A widely available nutritional supplement—nicotinamide riboside (NR)—may energize tumor-infiltrating T lymphocytes (TILs) exhausted by their struggles against the tumor microenvironment. Specifically, NR may recharge TILs by improving mitochondrial fitness and stimulating mitophagy, the elimination of damaged mitochondria.
In terminally exhausted TILs, the damage typically suffered by mitochondria is depolarization. That is, the mitochondria lose the voltage they need to generate energy. They pile up like so many dead batteries.
The potential advantage of NR-stimulated mitochondria was recognized by researchers led by Ping-Chih Ho, PhD, at the Lausanne Branch of the Ludwig Institute for Cancer Research. These researchers began experimenting with NR, a vitamin B3 variant that has been shown to improve mitochondrial fitness in various cell types, after they noticed that in TILs, there is an association between T-cell exhaustion and large numbers of depolarized mitochondria.
Details of this work appeared October 5 in the journal Nature Immunology, in an article titled, “Disturbed mitochondrial dynamics in CD8+ TILs reinforce T-cell exhaustion.” The article describes a mechanism to explain how the accumulation of depolarized mitochondria is caused by decreased mitophagy activity. The mechanism is driven by stressors in the tumor microenvironment, and it not only instigates exhaustion, it also leads to terminal exhaustion, a state that reflects epigenetic reprogramming.
“Mechanistically, reduced mitochondrial fitness in TILs was induced by the coordination of T-cell receptor stimulation, microenvironmental stressors, and PD-1 signaling,” the article’s authors wrote. “Enforced accumulation of depolarized mitochondria with pharmacological inhibitors induced epigenetic reprogramming toward terminal exhaustion, indicating that mitochondrial deregulation caused T-cell exhaustion.”
By carrying out functional, transcriptomic, and epigenetic analyses, the researchers revealed that when TILs accumulate depolarized mitochondria as a result of decreased mitophagy, they exemplify terminal exhaustion.
“TILs often have a high affinity for antigens expressed by cancer cells,” said Ho. “This means that, in principle, they should attack cancer cells vigorously. But we often don’t see that.
“People have always wondered why because it suggests that the best soldiers of the immune system are vulnerable when they enter the battlefield of the tumor. Our study provides a mechanistic understanding of why this happens and suggests a possible strategy for preventing the effect that can be quickly evaluated in clinical trials.”
The inner recesses of tumors are often starved of oxygen and essential nutrients, such as the sugar glucose. Cells in these stressful conditions adjust their metabolic processes to compensate—for example, by making more mitochondria and burning their fat reserves for energy.
In tumors, prolonged stimulation by cancer antigens is known to push TILs into an exhausted state marked by the expression of PD-1—a signaling protein that suppresses T-cell responses and is targeted by existing “checkpoint blockade” immunotherapies. If sustained, such exhaustion can become permanent, persisting even when the stimulus of cancer antigens is removed.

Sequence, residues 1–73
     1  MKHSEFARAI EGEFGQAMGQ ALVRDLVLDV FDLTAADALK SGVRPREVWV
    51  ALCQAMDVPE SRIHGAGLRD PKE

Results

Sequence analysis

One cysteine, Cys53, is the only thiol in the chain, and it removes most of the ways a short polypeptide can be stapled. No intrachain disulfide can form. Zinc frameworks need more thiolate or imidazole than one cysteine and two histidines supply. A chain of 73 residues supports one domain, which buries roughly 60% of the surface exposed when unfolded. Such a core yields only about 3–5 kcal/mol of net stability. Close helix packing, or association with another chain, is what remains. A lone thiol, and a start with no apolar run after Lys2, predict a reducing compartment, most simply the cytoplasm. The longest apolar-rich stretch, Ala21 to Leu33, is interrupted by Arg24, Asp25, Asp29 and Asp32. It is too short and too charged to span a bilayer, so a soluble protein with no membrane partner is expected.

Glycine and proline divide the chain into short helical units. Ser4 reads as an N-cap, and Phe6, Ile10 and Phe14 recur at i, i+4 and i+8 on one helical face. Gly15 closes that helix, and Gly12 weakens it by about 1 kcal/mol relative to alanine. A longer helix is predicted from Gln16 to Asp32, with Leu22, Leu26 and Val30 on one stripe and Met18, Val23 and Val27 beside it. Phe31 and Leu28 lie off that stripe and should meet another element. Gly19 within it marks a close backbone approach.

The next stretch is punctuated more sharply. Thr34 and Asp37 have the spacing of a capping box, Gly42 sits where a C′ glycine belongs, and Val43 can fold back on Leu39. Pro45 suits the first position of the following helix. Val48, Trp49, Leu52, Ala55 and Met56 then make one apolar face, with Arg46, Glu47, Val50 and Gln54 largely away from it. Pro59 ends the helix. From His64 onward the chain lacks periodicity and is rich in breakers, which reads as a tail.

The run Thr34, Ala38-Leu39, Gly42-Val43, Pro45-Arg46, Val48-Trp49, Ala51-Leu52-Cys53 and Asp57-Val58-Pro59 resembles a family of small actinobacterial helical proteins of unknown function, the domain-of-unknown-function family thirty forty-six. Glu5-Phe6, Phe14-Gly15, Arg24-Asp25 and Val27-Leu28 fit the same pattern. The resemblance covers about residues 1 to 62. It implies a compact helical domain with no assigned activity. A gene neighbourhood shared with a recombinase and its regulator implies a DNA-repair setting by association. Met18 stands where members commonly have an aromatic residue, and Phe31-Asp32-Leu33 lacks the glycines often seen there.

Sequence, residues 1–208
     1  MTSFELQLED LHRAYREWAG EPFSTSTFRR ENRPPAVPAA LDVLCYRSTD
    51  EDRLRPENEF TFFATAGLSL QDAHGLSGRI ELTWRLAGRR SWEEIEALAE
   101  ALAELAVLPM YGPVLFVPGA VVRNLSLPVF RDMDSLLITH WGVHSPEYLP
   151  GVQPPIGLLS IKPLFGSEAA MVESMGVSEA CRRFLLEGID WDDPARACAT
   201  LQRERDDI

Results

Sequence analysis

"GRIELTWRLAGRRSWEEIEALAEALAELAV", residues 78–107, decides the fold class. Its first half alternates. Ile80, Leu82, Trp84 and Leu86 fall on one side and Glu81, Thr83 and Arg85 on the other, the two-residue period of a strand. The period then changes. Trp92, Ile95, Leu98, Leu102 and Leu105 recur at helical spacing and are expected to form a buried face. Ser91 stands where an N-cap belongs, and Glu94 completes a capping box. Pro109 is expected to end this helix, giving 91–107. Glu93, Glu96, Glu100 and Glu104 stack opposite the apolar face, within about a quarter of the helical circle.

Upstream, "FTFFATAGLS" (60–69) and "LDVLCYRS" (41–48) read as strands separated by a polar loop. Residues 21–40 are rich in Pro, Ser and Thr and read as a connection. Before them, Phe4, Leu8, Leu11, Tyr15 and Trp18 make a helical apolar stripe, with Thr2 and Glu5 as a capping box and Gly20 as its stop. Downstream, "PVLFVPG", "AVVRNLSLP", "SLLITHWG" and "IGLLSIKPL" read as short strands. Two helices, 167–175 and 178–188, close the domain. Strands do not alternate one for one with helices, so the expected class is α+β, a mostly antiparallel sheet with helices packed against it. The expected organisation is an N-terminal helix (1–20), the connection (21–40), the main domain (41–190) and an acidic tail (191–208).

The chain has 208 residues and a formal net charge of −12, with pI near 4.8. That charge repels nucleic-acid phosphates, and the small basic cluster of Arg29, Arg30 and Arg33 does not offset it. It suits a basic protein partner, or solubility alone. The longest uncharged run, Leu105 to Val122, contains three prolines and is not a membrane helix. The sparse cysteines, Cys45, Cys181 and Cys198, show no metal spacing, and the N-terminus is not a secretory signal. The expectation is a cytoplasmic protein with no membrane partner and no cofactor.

Ho and colleagues have shown that the accumulation of depolarized mitochondria is caused primarily by the TIL’s inability to remove and digest damaged ones through mitophagy. “The TILs can still make new mitochondria but, because they don’t remove the old ones, they lack the space to accommodate the new ones,” said Ho.
The genomes of these TILs are also reprogrammed by epigenetic modifications—chemical groups added to DNA and its protein packaging—to induce patterns of gene expression associated with terminal exhaustion.
The researchers found that the breakdown in mitophagy stems from a convergence of factors: chronic stimulation by cancer antigens, PD-1 signaling, and the metabolic stress of nutrient and oxygen deprivation. They also show that the epigenetic reprogramming that fixes TILs in a terminally exhausted state is a consequence, not a cause, of the mitochondrial dysfunction.
Related work done by other researchers—including co-authors in the current study, Ludwig Lausanne investigator Nicola Vannini, PhD, and Ludwig Lausanne director George Coukos, PhD—had shown that NR can boost mitophagy and improve mitochondrial fitness in a variety of other cell types. Mindful of these findings, the researchers in the current study explored whether NR might also prevent TILs from committing to terminal exhaustion.
Ho and colleagues conducted cell culture experiments showing that the supplement improved the mitochondrial fitness and function of T cells grown under stressors resembling those of the tumor microenvironment. “Supplementation with NR,” they reported, “enhanced T cell mitochondrial fitness and improved responsiveness to anti-PD-1 treatment.”
Dietary supplementation with NR stimulated the antitumor activity of TILs in a mouse model of skin cancer and colon cancer. When combined with anti-PD-1 and another type of checkpoint blockade, anti-CTLA-4 immunotherapy, it significantly inhibited the growth of tumors in the mice.
“We have shown that we may be able to use a nutritional approach to improve checkpoint blockade immunotherapy for cancer,” said Ho.
Ho and his colleagues are now exploring the signals from depolarized mitochondria that epigenetically reprogram TILs for terminal exhaustion—information that could be more generally applied to improve cancer immunotherapy.